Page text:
When Jeremy Clarkson's temper erupted, he bollocksed up Top Gear as we knew it. He got the boot from the show and his co-presenters James May and Richard Hammond resigned, opting to join Clarkson on a new car show. We went from Top Gear to Top Grrr.
What Clarkson did to his colleague is unforgivable. Any bullying or violence in any workplace is deplorable. He had to go. But in doing a stupid thing, he went taking with him all the good things that he can do. He is intelligent, he writes well, he can come up with very funny one-liners and he knows his stuff when it comes to cars and a lot of other things. May and Hammond too took their accomplished wit and wisdom and parted company with the show and lo and behold we lost a magical trio, a unit that had chemistry, a team that could blend serious commentary with ridiculous silliness. Since the demise of the three, oft-repeated episodes of old Top Gear demonstrate the genius of the show. I love the old format and the presenters. And I'm not a car guy!
Top Gear is such a global earner for the BBC and it was unlikely to be allowed to die. The brand is too precious. So the hunt was on for a new team, Chris Evans was the final choice as head presenter, actor Matt Le Blanc was drafted in, (presumably to retain a US audience's interest) alongside Eddie Jordan, Sabine Schmitz, Chris Harris and Rory Reid. Have I missed anyone? Sounds a bit top heavy to me but the show hasn't aired yet, so it is unfair to criticise it before we see it.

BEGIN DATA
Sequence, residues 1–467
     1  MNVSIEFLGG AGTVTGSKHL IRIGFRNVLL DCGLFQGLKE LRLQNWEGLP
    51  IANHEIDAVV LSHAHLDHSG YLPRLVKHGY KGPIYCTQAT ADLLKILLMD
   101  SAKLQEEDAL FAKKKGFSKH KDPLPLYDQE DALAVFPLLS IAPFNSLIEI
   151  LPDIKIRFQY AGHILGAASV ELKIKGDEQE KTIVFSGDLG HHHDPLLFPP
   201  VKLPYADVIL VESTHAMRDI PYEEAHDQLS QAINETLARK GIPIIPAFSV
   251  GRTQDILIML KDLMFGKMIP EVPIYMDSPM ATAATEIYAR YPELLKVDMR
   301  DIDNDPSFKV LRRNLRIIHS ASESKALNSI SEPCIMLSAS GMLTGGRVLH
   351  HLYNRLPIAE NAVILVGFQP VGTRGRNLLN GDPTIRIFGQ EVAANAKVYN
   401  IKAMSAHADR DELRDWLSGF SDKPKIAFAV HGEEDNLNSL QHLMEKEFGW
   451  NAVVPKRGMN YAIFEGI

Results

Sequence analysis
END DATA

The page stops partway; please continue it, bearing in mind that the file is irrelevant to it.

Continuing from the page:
My problem with the show even before it hits the screen though is Chris Evans. I can't stand his presentation style. His voice grates on me. He joins an ever-growing list of celebrities that have me reaching for the off button on the remote control. I have seen Matt LeBlanc on chat shows and he is drearier than Eeyore but he might have a sparkling personality inside him that we have yet to witness. That's my opinion. I suspect there are millions of Evans and LeBlanc fans that will disagree with me. I am sure the new show will attract a large audience and it will be interesting to see how it fares. I wish it well but I suspect I will not stick with it in the long run. I will take at look at episode one and go from there. Again, it would be unfair to judge the show prematurely.
Today, Event magazine in the Mail on Sunday devotes 15 pages to the new show, supporting Chris Evans, their car columnist. It is a massive piece of publicity and it will not do any harm in teasing and tempting people to tune in on 22 May to see the first episode of the new format. I am sure the BBC will crank up the frequency of trailers over the next couple of weeks, as they must.
Chris Evans writes in the Mail on Sunday:
"You can't lose if it looks like you're on to a total loser from the outside. A lot of people have written the show off before it hits the air. Nothing I can do about that other than prove them wrong or confirm that they're right. But I know what's in the can."
Fair enough. Let's see.